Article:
What drugs among the most used affect driving?


Drinking alcohol or using drugs before getting behind the wheel is completely prohibited and, therefore, roadside checks are usually carried out that try to reduce the chances of a drunk person ending up causing a traffic accident. Nevertheless, little is said about drugs that "can significantly alter the ability to drive", according to the General Directorate of Traffic (DGT).

Although they are authorized drugs, many can be purchased without a prescription and this is why it is convenient to know what effects they can cause while driving. Therefore, it is essential to read the prospectus carefully and pay attention to a pictogram that appears on medications whose consumption can cause unsafe driving. This "does not prohibit driving", but does warn of its effects, as the DGT states.

Pictogram that warns of possible adverse effects of the medication on driving.
Pictogram that warns of possible adverse effects of the medication on driving.

As indicated by the DGT, since 2007, thanks to Royal Decree 1345/2007, of October 11, "it is required that all medications that affect the ability to drive (…), must include in their carton a pictogram ". In this way, people are alerted to the dangers of drugs so they can read the leaflet and know how to proceed after consuming them.

What are the most used drugs?

Both the DGT and the Spanish Agency for Medicines and Health Products (AEMPS) have managed to collect which are the drugs that are most used and that they have an important effect at the moment we get behind the wheel.

  • Opioid analgesics: are intended to treat pain, for example, antimigrañosos. They can cause drowsiness, decreased ability to concentrate and react, weakness or dizziness.
  • Antiepileptic: are essential to treat epilepsy, a neurological disorder, but cause drowsiness, dizziness, blurred vision, fatigue and a feeling of weakness.
  • Anxiolytics: allow to treat anxiety and, therefore, usually cause great sleepiness, which decreases the ability to concentrate and react.
  • Sedative hypnotics: serve to treat sleep disorders, such as insomnia problems. However, they usually cause severe drowsiness that prevents attention from being maintained on the road.
  • Antidepressants: The increase in depression has caused antidepressant prescriptions to have skyrocketed, a drug that causes nervousness, anxiety, drowsiness, impaired coordination and blurred vision.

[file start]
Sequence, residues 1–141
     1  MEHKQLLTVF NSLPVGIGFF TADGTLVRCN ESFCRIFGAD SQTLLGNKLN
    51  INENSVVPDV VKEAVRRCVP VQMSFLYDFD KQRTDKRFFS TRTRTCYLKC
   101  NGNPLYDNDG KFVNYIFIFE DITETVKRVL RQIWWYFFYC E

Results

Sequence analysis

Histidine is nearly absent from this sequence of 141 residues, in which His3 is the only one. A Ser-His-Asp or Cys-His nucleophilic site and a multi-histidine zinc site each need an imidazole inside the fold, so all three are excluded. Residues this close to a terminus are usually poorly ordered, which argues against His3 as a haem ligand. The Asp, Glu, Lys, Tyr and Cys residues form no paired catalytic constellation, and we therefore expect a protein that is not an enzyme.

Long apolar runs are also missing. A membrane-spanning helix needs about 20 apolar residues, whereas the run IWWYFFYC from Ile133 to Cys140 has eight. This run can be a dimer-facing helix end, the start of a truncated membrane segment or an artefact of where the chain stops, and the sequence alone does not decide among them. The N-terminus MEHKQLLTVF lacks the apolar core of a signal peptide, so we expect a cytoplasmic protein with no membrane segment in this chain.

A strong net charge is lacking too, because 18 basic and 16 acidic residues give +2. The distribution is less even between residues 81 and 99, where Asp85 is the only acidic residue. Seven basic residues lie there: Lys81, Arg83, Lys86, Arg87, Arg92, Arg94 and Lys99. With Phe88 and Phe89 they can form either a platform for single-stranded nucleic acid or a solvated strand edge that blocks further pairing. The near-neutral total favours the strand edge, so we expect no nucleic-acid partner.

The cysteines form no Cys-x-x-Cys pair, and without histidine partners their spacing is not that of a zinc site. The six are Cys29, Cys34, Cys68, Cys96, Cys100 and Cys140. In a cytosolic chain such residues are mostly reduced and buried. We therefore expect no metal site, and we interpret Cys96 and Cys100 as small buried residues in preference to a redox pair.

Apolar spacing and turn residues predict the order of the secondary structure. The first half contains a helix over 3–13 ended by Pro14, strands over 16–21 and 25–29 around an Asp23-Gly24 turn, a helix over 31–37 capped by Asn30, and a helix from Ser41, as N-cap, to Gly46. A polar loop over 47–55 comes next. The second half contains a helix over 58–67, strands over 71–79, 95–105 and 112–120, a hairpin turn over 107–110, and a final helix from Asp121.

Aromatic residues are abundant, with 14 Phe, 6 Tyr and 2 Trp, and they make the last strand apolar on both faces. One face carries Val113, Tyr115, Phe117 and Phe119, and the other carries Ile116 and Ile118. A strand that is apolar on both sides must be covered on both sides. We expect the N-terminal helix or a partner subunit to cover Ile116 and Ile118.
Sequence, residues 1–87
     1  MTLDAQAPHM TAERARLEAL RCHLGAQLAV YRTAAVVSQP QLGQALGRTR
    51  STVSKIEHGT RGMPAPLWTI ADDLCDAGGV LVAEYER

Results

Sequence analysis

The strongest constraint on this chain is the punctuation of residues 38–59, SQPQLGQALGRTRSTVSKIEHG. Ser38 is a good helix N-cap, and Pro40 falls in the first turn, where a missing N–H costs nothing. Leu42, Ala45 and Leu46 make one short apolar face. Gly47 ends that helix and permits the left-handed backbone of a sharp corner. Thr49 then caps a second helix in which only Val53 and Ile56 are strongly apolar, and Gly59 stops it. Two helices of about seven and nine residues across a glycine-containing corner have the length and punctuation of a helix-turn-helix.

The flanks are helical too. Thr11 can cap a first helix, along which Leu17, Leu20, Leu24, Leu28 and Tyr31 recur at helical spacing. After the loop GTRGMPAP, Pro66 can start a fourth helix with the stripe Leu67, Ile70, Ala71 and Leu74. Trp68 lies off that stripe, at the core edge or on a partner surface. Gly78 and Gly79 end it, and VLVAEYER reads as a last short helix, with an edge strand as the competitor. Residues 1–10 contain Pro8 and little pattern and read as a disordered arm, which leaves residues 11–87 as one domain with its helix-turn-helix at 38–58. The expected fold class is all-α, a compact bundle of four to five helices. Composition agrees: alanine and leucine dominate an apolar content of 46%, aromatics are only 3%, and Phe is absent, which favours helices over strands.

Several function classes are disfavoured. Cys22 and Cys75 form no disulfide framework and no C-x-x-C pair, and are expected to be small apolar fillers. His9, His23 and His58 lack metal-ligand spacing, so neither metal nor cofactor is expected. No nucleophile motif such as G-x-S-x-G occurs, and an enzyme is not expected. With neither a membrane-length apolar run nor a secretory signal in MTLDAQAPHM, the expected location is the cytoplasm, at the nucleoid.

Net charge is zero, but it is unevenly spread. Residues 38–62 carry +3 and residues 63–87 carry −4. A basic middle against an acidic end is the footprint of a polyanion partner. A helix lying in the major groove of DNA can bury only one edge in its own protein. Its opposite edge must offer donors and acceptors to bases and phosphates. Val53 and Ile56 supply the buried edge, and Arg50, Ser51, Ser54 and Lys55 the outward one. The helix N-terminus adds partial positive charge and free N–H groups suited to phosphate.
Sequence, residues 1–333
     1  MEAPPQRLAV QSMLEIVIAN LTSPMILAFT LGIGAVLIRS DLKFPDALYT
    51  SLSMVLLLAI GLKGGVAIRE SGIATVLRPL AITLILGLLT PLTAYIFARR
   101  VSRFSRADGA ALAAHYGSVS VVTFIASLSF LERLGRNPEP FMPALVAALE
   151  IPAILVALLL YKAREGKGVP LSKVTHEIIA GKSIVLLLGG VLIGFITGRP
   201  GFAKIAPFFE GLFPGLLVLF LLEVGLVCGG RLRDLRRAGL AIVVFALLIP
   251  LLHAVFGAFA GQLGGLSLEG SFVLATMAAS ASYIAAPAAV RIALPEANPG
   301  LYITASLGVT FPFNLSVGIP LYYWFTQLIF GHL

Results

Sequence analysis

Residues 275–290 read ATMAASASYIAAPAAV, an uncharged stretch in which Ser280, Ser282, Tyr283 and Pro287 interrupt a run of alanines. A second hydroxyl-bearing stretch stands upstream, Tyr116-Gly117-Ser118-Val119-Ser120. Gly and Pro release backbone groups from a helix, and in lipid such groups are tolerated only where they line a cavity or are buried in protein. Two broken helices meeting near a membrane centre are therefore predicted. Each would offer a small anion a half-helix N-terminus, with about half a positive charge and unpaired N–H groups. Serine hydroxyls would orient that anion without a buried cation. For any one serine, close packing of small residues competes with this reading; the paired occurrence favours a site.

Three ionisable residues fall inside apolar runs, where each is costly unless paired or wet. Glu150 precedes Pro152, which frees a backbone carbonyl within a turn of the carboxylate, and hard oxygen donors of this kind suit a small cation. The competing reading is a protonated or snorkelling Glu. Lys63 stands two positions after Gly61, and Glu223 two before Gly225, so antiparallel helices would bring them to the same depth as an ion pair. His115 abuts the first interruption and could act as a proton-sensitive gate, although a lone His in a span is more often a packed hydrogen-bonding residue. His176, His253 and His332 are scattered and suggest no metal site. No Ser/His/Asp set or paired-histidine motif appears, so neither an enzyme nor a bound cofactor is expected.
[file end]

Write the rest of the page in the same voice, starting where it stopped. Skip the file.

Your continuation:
• First generation antihistamines: intended to combat and treat seasonal or different allergies, they usually cause drowsiness, reduced reaction capacity and blurred vision if supplied by eye drops.
  • Anti-flu and anti-catarrhal: Medications that can be purchased at over-the-counter pharmacies to be able to fight the symptoms of flu or cold can cause drowsiness that affects driving.

Due to all the side effects present in these medications, AEMPS recommends that whenever start taking a new drug, whether you have this prescription or not, you should ask your GP if there are risks associated with driving.

When should you pay special attention?

Addressing the adverse effects of medications that have the corresponding pictogram is especially important in cases where you work as a carrier, commercial or parcel, for example. The need to have to be driving on the road most of the time should be a reason to take precautions or modify the time of consumption of any of the drugs already exposed.

In addition, in the event that a new dose is started or the taking of several medications is being combined at the same time, it should be borne in mind that the effects can be much more noticeable. However, we cannot forget that the consumption of alcohol, in these cases, will only increase the effects of drowsiness, nausea or a lower reaction capacity that can endanger one's own life and that of others at the time of driving.

How should health professionals proceed?

The DGT is very clear and is that health professionals, whether these doctors or pharmacists, should always inform patients of the risks associated with driving of drugs that are dispensed with or without a prescription.

In fact, it indicates that "It is the responsibility of the healthcare professional, fundamentally of the one who prescribes the medication, but also of the dispenser, to inform the user of the effects that said medication may have." He also insists that these professionals must "give the appropriate recommendations" so that the drugs are taken properly.

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